“Not every day has been easy for Patrick. In his elementary years, he struggled with friends and classroom expectations. Through it all, we have felt like Gesu has never given up. Someone always has a new suggestion or an accommodation for us to try. Today, we feel blessed that he has been given the opportunity to attend Gesu. He is a student council vice president, co-editor of the school newspaper, student volunteer in the STREAM center, musician and a great friend to many students. We believe that he has helped Gesu embrace diverse learners through the Better Together initiative. At the same time, Gesu has given us a child that we are and will forever be proud of,” Melissa said.
*An exceptional learner is a student who learns and develops differently. Such a student may need instruction that accommodates a preferred learning style, a different pace of instruction or additional educational services in order to progress learning.
The X-Stream Games are hosted by the education office at the Catholic Diocese of Cleveland for students in preschool through grade eight who are involved in stream education in their schools. Stream -- science, technology, religion, engineering, arts and math -- allow for yearlong classroom learning culminating in one, diocesan wide competition where future engineers and computer programmers show off what they have learned.
The STREAM Initiative in the Diocese of Cleveland began three years ago as a way to implement learning that involves solving problems, asking questions and exploring the world.
Student participation doubled in 2019 from the first games in 2018, with more than 500 students competing in the second year. The number of schools also doubled, with 26 schools competing in 2019.
Jennifer Miroglotta, coordinator of curriculum for the diocese, helped lead and plan the 2019 X-STREAM Games, which took place at Holy Name High School. “Focus is placed on authentic project-based learning experiences and assessments. These are hallmarks of 21st century learning,” she said.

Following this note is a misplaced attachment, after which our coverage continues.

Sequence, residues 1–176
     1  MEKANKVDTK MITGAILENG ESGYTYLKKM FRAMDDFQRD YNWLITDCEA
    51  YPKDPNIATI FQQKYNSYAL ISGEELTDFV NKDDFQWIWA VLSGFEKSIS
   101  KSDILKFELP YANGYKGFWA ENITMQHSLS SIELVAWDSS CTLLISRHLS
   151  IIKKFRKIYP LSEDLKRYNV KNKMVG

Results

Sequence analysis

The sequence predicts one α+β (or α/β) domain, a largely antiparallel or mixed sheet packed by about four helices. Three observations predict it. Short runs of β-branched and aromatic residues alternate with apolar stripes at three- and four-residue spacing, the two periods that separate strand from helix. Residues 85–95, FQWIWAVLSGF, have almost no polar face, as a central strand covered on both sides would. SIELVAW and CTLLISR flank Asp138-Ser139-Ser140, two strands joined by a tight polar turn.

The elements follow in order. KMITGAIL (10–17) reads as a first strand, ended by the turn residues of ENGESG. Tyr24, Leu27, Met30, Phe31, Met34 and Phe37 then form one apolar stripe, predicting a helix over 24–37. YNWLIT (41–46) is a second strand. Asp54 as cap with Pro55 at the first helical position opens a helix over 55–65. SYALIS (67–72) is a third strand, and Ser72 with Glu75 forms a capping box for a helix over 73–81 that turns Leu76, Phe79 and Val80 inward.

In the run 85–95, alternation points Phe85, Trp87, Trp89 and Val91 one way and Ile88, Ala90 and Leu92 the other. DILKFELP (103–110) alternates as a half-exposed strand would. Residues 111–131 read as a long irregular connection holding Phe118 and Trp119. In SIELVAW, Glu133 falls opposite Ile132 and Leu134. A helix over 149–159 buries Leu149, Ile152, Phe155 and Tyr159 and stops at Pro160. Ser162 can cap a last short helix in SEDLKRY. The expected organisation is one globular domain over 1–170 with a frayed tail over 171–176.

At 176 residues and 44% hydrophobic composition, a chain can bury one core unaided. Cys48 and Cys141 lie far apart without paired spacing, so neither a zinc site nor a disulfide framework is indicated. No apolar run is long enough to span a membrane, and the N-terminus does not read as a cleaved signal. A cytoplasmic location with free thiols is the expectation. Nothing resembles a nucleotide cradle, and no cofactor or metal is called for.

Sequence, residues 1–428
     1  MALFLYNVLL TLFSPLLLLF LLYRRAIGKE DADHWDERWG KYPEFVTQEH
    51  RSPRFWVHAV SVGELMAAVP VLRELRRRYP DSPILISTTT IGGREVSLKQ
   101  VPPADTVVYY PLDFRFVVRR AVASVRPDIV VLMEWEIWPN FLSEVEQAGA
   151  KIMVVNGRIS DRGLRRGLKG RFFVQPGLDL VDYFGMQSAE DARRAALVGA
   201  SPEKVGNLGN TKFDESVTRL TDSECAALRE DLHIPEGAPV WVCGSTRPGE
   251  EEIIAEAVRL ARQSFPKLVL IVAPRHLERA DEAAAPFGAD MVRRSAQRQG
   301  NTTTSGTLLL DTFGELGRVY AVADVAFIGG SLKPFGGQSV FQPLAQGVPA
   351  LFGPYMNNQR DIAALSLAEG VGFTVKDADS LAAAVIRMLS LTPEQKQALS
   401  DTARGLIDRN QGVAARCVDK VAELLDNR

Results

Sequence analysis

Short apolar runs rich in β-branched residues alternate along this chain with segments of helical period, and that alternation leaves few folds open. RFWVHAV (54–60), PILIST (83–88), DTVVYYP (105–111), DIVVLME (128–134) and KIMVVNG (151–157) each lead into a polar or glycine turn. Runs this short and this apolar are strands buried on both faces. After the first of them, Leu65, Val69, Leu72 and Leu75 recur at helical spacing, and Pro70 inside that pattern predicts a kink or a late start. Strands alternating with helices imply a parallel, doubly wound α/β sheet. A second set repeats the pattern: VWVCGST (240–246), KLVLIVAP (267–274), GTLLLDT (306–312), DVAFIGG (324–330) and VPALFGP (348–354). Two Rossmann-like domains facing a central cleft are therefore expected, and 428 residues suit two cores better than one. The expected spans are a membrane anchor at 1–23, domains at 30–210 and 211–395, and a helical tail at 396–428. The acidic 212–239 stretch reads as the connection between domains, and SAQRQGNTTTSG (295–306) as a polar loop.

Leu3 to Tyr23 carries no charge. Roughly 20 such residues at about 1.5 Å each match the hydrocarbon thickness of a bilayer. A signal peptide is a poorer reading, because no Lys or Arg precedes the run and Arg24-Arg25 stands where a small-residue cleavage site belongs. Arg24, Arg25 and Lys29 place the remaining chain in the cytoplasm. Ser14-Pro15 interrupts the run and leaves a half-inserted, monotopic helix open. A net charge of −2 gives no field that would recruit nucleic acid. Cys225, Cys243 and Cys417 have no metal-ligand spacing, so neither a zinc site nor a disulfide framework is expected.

Schools were represented by teams of students who presented projects or completed technical challenges while fielding questions from judges. Each grade level competed in categories that included chemistry in the kitchen, lip balm product development, arcade game or miniature golf design that used sustainable materials, robotics and computer coding
Pupils in grades K-2 had the opportunity to participate in a Lego design and build expo. Each student selected a story from Scripture and constructed it based on their visual interpretation. Art displays, a Shark Tank-like experience for inventions and science scrimmages also took place throughout the school.
“Almost every inch of this building is being used to hear our Catholic school students bring their ideas to life,” said Frank O’Linn, superintendent for the Office of Catholic Education.
The third X-STREAM Games will take place on March 28 at two locations in Elyria: St. Jude School and Elyria Catholic. They will be co-hosting the games since numbers have exceeded the capacity for one site. Teachers who were trained in the different events at the STREAM Academy in August are busy preparing their students to compete or exhibit their work.
Catholic schools are a tremendous value, but excellence does not happen for free. Everyone who takes part in Catholic schooling makes sacrifices in order to make such an education a reality. Scholarships help close the gap between the cost of education and what families can afford. Ohio's school choice scholarship programs aid some familes, while private philanthropy provides scholarships at the school or diocesan level for others.